The answer depends on which state the employee is in, as each state has its own laws regarding the enforceability of non-compete agreements. In a minority of states, an employee’s reason for termination of employment makes no difference as to whether his or her non-competition agreement is enforceable.  For example, in Texas or Georgia, it does not matter if the employee quits, is laid off, or fired “for cause” – the non-compete agreement is likely to remain enforceable as long as it is reasonable and meets other criteria.  In a few states, like California or Oklahoma, the reason for termination…
In January, the Fifth Circuit Court of Appeals ruled that the conditional certification step in collective actions brought under the Fair Labor Standards Act (FLSA) is not required. The ruling is significant because it expressly rejects the “near universal” practice employed by trial courts around the country and adopts an approach that will allow employers in Texas, Mississippi, and Louisiana to determine early on in FLSA lawsuits which of their employees will receive notice of litigation and be allowed to participate. The Typical Conditional Certification Process The FLSA allows employees to bring a collective action lawsuits against their employer for…
States around the country vary in how they approach the enforcement of unreasonable non-compete agreements. While the majority of states allow their courts to “blue pencil” or rewrite restrictive covenants to make them reasonable, three states do not permit such reformation, and four states have no clear legal guidance on whether blue-penciling is permitted, leaving employers in limbo. However, even in those states where the courts routinely blue-pencil non-compete agreements, employers should not rely on that procedure for several reasons: Blue-penciling is expensive as it can only be done after a lawsuit is filed; Blue-penciling is unpredictable because it is…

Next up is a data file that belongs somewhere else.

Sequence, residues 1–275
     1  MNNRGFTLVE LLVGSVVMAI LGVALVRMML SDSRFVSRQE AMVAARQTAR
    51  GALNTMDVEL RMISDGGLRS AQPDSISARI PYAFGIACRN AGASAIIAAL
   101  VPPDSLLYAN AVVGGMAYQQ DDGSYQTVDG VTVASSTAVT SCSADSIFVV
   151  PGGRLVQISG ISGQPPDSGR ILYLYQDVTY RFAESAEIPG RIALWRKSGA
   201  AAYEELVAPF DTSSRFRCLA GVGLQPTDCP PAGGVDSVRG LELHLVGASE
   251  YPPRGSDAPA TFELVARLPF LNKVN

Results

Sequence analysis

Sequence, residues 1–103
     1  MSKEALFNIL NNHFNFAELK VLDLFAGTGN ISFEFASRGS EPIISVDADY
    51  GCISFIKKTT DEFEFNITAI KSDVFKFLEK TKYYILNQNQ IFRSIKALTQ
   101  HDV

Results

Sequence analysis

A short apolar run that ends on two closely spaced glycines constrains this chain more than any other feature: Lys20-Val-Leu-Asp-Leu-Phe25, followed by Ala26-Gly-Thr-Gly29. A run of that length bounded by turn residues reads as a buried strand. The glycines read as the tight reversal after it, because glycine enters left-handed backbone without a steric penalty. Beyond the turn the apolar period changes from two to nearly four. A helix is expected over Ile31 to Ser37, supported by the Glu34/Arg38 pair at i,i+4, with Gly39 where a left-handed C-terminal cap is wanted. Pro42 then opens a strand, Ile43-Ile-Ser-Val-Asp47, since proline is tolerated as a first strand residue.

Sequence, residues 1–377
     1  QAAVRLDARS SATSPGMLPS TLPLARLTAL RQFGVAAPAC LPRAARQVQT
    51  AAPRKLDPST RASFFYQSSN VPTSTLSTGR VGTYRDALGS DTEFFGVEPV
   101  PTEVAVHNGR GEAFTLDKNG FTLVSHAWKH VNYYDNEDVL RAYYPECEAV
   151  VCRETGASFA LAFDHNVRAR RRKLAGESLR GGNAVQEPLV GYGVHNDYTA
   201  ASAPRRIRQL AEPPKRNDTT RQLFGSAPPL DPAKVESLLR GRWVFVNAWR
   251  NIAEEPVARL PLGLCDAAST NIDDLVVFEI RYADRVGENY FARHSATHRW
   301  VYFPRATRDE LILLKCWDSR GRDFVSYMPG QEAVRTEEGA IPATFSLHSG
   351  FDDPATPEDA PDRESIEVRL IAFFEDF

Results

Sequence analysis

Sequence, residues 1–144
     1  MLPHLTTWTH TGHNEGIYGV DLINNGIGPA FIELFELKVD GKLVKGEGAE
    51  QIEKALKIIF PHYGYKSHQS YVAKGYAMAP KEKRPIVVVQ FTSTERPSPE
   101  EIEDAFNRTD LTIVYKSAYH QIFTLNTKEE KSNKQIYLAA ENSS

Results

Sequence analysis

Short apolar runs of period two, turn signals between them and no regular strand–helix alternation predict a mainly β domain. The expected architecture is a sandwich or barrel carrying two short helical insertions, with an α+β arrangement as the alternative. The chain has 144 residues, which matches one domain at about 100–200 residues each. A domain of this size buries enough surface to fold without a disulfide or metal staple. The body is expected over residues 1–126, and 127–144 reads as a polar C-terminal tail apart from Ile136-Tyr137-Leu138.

Recently, a Texas Court of Appeals addressed an issue that arises in almost every non-compete dispute in the Lone Star State – whether an employee has been provided confidential information in return for signing a non-compete agreement. In that case, the court refused to dismiss the lawsuit early and ruled that the issue would have to go to the jury because there was conflicting evidence as to whether the employee received any confidential information from her employer. This result is not surprising as employers often argue that everything that they provided to employees is confidential, while employees argue that nothing…
The Texas legislature will begin its bi-annual session on January 12, 2021, during which it will consider at least 26 employment bills that have the potential of affecting large swaths of employers across the state. While most of these bills will not make it past the committee stage, they are worth looking into because they signal what is important to our legislature and what we may see enacted during the future legislative sessions and/or by some local municipalities or counties. Some of these bills (or their versions) were introduced in 2019, but failed to pass. I have indicated those bills…